In part, this assessment was based on "the fact his vocabulary is high." RT 57. As respondent points out, Dr. Carlson opined that while petitioner tested borderline, that this was "a low estimate of his innate ability" and that if he were to adjust the assessment one way or another he would "tend to go up a few points for [petitioner] rather than go down into the mildly retarded ranges, given his ability to communicate." MTD, p. 5, RT 58. Based on his testing, Dr. Carlson found that petitioner was not mentally retarded and had conceptual capacity. RT 97. While Dr. Carlson did believe that petitioner had "a mental disorder" based on "some form of depression" and a "substance abuse diagnosis," he did not observe bizarre behavior during his interview of petitioner and found no evidence of delusions, hallucinations, mania, formal thought disorder or of impairment of verbal coherence. MTD, p. 5 & RT 97, 107. Dr. Carlson believed that petitioner would be able to assist his counsel in a meaningful way. MTD, p. 5, citing RT 122.

Petitioner herein has produced a large volume of his medical records. See dkt # 9, totaling 222 pages, going back as far as 2002. While these records show that petitioner has long been on a number of medications, included psychotropic, and suffered depression (logically, in light of his life sentence) within periods relevant to this action, it does not demonstrate the extraordinary circumstance that precluded him from initiating his state habeas corpus filings sooner than he did and makes no showing as to how things improved for him to be able to file them when he did. As respondent argues, petitioner himself states that "[t]here is no magic pill for retardation to make a person smarter." MTD, p. 8, citing FAP (dkt # 8), [p. 42].*fn5 Petitioner contends that his mental capacity has not increased since his trial Cal. Pen. Code § 1026 and § 1368 evaluations and that he continues to receive daily psychiatric medications and to be diagnosed as CCCMS within the prison mental health program. Id. However, by this, petitioner proves too much. By conceding that he still suffers from the same mental deficits to this day, he does not show what obstructed him from making his state court habeas filings until he ultimately did and the instant filing as well. In other words, he does not demonstrate that he was sufficiently diligent in trying to meet the requisite timelines during the period for which he seeks equitable tolling if his situation the status quo remains unchanged. And what petitioner fails to provide is any indication of what changed during and beyond the AEDPA statutory period up to his filing of his state court petitions. In other words, during the entire period up to this very point in time, petitioner has had the same intellectual challenges and received medication and was on the CCCMS level of care, so that petitioner does not show the requisite extraordinary circumstance when he fails to meet his burden to show how he was precluded for an extended period of time to commencing the filing of his habeas petitions, a period during which he was evidently able to file grievances, etc. Petitioner emphasizes in his opposition the affidavit signed by an inmate named Andrew Martin, which petitioner insists shows he "was unable to file a simple state habeas corpus petitioner on his own." Opp., p. 2. However, while the affidavit by Inmate Martin indicates that petitioner apparently had great difficulty in filing the state habeas petition to the state court of appeal,*fn6 Mr. Martin is quite clear that he only assisted petitioner with the filing and not the preparation of the petition (although he does state that he worked on the instant federal petition). Martin Affidavit, FAP, p. 31. Although Inmate Martin correctly recognizes that he is "not even remotely qualified" to make a determination that petitioner is "mentally challenged," he believes him to be. None of this, however, demonstrates why petitioner could not have initiated the initial state court filing in the superior court earlier, which he apparently filed correctly, whether he had assistance or not in preparing any or all of his state court petitions. Thus, although petitioner has shown that he suffers from conditions requiring medication, he does not come close to making the showing of the second prong of the Bills standard, i.e., he does not show he was diligent in pursuing his claims and any mental impairment he suffered made it impossible for him "to meet the filing deadline under the totality of the circumstances, including reasonably available access to assistance." Bills v. Clark, 628 F.3d at 1100.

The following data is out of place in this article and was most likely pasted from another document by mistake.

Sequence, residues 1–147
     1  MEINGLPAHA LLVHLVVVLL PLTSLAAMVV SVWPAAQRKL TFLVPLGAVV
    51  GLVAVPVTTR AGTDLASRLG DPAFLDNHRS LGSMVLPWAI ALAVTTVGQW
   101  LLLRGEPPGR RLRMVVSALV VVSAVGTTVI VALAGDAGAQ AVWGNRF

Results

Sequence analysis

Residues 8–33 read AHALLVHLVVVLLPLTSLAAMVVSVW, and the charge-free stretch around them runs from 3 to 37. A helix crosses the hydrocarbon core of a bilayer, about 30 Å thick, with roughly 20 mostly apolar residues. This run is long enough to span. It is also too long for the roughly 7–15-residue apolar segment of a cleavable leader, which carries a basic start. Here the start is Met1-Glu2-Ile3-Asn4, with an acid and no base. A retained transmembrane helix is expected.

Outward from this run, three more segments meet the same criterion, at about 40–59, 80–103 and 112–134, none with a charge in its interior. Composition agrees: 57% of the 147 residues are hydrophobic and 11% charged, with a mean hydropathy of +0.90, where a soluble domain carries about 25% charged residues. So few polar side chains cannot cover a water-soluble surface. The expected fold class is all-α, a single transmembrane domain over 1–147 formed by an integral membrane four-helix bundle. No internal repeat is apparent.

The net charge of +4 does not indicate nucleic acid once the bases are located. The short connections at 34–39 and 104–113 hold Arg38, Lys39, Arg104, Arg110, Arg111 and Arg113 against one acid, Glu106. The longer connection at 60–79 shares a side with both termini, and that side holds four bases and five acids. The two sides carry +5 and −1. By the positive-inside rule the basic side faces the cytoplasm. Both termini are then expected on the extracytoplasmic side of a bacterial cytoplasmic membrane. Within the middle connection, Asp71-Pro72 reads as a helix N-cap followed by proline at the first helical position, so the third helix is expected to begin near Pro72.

The court will not order an evidentiary hearing when the important point of diligence is left completely unaddressed by petitioner.

Accordingly, IT IS HEREBY RECOMMENDED that respondent's September 8, 2011 (docket # 23), motion to dismiss the petition as untimely be granted and this case be closed.

These findings and recommendations are submitted to the United States District Judge assigned to the case, pursuant to the provisions of 28 U.S.C. § 636(b)(l). Within fourteen days after being served with these findings and recommendations, any party may file written objections with the court and serve a copy on all parties. Such a document should be captioned "Objections to Magistrate Judge's Findings and Recommendations." Any reply to the objections shall be served and filed within fourteen days after service of the objections. The parties are advised that failure to file objections within the specified time may waive the right to appeal the District Court's order. Martinez v. Ylst, 951 F.2d 1153 (9th Cir. 1991).